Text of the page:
The Decedent’s Estate Plan

After you pass away, the rest of your estate plan kicks in. Those documents include:

  • Last Will and Testament: This document directs how your assets should be distributed and your remains handled, and sets out who you want to do the work of making your estate plan happen. It allows you to avoid following the “intestacy” rules of the probate court, and instead giving assets to the friends, family, or charities you care about most. A Will is still administered through the probate court, but it can streamline the process and help your loved ones resolve things more quickly.
  • Revocable & Irrevocable Trusts: These documents are “Will substitutes”. They move your assets into a legal entity and give control of that entity to trustees. They also include directions for what should happen to those assets after your death. A trust allows you to avoid or simplify probate court proceedings. Special kinds of trusts can also be used to provide for pets, protect disabled adults from losing their benefits, or shield your assets from creditors or unwanted in-laws.

Deciding whether to use a Will or a trust depends on what assets you have, what you want to do with them, and who (or what) you need to protect. Your estate planning attorney can help you consider everything from government benefits to tax consequences so you make the best decisions for your loved ones and your legacy.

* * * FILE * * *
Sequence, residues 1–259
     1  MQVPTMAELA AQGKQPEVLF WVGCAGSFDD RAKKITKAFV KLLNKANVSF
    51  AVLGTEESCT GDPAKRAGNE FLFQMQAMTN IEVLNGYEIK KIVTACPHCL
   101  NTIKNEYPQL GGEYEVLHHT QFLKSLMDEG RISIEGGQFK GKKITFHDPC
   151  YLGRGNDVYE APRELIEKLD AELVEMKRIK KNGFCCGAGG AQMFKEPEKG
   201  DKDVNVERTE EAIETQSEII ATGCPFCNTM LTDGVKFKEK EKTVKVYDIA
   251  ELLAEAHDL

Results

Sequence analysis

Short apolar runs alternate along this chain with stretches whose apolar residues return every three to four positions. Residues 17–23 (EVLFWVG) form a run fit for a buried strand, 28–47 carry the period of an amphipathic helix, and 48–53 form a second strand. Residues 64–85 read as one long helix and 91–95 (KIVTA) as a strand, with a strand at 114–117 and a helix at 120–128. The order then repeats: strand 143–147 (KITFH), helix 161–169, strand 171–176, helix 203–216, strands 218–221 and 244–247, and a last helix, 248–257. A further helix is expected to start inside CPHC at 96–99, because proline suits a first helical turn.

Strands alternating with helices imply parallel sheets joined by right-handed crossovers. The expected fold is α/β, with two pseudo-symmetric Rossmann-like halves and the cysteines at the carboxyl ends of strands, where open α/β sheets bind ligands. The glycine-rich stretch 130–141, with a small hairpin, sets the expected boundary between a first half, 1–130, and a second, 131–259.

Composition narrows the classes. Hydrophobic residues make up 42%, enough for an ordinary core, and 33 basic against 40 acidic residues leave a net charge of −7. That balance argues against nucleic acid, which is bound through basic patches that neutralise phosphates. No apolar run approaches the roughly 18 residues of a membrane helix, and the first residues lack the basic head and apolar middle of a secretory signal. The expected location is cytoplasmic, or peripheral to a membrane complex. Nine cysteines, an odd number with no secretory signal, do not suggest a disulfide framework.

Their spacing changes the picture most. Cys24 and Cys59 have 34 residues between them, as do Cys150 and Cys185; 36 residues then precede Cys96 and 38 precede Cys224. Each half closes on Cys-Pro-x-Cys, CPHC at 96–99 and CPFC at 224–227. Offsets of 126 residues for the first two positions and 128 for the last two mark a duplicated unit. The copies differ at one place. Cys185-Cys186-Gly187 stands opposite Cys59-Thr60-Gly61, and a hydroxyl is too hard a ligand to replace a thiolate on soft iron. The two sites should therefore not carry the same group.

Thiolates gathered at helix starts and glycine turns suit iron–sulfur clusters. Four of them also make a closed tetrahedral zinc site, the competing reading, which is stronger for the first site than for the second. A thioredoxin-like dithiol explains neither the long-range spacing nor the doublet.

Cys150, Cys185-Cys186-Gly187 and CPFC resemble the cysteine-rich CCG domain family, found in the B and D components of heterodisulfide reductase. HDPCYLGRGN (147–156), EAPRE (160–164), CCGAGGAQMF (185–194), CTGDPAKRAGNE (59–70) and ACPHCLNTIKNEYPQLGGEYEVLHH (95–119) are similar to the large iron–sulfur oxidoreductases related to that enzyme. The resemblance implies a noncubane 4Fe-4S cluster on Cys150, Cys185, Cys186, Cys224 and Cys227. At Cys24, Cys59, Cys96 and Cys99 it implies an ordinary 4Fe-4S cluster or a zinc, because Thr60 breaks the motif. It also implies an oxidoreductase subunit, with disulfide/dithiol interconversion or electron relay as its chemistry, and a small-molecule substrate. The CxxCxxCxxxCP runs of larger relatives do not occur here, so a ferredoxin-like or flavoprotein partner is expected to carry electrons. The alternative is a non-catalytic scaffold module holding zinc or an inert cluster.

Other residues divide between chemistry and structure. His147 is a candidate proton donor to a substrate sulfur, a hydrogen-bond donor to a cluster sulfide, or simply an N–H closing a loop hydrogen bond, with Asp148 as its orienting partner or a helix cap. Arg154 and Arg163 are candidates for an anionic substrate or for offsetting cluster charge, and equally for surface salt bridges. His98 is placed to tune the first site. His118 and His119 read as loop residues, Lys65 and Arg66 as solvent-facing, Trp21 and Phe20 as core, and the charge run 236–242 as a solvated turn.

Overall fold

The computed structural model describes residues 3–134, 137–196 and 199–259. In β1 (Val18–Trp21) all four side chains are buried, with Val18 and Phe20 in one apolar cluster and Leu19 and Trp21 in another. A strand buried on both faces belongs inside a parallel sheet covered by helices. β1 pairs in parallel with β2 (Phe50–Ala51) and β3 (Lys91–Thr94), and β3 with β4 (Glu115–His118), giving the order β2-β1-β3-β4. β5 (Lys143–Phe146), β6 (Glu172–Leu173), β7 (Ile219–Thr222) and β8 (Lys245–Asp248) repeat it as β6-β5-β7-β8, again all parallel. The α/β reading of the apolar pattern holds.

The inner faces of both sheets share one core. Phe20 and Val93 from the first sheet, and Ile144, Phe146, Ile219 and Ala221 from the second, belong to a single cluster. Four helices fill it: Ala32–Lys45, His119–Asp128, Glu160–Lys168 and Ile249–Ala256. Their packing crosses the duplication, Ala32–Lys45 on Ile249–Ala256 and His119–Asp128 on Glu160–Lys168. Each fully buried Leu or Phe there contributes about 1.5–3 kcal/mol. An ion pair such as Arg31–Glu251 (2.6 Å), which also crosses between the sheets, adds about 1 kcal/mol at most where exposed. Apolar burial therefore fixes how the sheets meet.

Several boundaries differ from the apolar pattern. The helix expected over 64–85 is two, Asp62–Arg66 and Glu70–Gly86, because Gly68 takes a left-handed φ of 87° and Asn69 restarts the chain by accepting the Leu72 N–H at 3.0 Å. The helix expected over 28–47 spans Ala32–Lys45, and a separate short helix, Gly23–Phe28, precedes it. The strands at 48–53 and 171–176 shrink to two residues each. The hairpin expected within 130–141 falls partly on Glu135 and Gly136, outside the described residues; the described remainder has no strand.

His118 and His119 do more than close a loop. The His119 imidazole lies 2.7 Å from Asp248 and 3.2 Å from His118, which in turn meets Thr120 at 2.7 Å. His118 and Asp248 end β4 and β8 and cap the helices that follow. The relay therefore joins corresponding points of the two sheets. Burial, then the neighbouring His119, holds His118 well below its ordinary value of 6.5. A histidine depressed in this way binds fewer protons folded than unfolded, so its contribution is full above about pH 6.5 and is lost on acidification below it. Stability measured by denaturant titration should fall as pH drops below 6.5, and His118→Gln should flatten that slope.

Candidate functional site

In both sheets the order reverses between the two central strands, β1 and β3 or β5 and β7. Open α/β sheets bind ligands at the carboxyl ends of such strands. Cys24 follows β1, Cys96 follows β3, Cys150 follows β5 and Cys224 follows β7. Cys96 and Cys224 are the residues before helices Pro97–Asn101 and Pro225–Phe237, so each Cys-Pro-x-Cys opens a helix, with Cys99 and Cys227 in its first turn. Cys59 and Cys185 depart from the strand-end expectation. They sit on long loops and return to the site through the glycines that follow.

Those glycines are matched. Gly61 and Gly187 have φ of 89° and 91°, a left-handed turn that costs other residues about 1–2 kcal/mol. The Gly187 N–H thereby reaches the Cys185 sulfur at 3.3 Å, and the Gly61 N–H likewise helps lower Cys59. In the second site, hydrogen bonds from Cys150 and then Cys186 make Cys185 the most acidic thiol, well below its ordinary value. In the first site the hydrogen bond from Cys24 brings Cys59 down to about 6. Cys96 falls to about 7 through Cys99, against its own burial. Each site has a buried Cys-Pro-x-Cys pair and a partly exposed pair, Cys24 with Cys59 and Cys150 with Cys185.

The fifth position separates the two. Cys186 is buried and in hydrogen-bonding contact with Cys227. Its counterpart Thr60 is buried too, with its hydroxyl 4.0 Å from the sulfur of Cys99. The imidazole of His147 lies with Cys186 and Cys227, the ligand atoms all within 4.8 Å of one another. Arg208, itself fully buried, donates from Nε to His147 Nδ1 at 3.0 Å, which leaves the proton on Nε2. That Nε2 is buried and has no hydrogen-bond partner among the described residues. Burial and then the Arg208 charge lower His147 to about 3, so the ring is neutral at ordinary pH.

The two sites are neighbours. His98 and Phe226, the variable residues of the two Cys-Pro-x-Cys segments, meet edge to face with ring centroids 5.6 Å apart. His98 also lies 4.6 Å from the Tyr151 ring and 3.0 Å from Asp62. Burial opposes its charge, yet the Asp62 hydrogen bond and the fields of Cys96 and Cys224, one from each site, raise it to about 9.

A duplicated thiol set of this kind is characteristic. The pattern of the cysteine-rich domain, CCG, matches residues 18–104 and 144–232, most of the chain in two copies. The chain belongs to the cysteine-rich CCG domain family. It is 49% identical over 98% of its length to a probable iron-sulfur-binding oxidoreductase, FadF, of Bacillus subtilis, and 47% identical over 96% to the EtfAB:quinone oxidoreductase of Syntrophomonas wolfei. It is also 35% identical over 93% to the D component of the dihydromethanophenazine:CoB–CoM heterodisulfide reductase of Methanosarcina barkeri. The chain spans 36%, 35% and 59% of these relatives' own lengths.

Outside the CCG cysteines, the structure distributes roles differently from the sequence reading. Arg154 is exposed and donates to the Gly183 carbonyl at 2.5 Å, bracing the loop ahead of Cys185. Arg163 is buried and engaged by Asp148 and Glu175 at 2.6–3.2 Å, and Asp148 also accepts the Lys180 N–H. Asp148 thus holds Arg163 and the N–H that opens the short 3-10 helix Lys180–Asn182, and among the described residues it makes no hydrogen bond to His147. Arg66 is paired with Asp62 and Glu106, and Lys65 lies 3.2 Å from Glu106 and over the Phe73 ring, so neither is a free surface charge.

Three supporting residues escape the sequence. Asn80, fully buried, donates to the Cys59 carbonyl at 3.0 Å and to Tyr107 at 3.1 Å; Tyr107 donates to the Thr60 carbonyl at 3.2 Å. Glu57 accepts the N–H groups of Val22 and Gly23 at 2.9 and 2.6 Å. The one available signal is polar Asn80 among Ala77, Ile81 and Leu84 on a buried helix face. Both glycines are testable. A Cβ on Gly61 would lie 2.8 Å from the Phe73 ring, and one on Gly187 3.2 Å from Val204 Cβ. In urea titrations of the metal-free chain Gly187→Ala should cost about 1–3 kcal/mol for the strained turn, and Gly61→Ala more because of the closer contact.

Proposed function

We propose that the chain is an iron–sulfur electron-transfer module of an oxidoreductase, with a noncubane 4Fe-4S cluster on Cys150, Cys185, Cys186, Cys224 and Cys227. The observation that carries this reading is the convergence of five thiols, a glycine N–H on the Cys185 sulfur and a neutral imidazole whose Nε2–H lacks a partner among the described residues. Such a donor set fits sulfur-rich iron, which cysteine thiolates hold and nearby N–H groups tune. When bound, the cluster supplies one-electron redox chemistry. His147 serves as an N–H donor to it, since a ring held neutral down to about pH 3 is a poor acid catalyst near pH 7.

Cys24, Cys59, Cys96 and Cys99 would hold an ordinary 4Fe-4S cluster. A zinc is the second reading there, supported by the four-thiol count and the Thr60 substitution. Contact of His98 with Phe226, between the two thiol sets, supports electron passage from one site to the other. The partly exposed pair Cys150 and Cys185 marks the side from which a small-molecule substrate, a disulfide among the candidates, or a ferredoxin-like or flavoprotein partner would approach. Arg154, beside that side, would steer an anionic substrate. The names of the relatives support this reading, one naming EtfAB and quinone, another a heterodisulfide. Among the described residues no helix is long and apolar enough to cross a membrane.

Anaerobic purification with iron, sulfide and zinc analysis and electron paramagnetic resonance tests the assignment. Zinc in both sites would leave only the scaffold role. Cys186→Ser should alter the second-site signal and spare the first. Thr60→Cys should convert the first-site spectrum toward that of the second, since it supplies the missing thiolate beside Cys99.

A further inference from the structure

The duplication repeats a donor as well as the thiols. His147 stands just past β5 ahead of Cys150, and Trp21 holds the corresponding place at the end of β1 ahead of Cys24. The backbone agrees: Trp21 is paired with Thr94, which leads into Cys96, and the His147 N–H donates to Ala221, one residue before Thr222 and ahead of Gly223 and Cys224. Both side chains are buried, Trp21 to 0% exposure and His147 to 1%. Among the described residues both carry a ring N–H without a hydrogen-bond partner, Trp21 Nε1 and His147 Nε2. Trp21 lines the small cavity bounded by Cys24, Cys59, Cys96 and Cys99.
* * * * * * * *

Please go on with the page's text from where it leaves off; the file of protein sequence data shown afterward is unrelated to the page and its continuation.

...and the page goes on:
Going Beyond Paperwork

Having an estate plan on paper isn’t enough. If no one knows about it, your next of kin could make decisions they shouldn’t, or even go to Court when they don’t need to. At Harrison Estate Law, we go beyond the paperwork. We help you talk to your family members, financial institutions, and doctors, to make sure everyone knows what the plan is, where it is, and who to talk to when it is time to put it in place. We are happy to help you with setting up a new estate plan or to review and update an existing plan. Please contact us online or via email or call 352-559-9828 to schedule a free consultation. If you don’t live close to Gainesville we are happy to set up a phone or Zoom call.

Categories: Estate Planning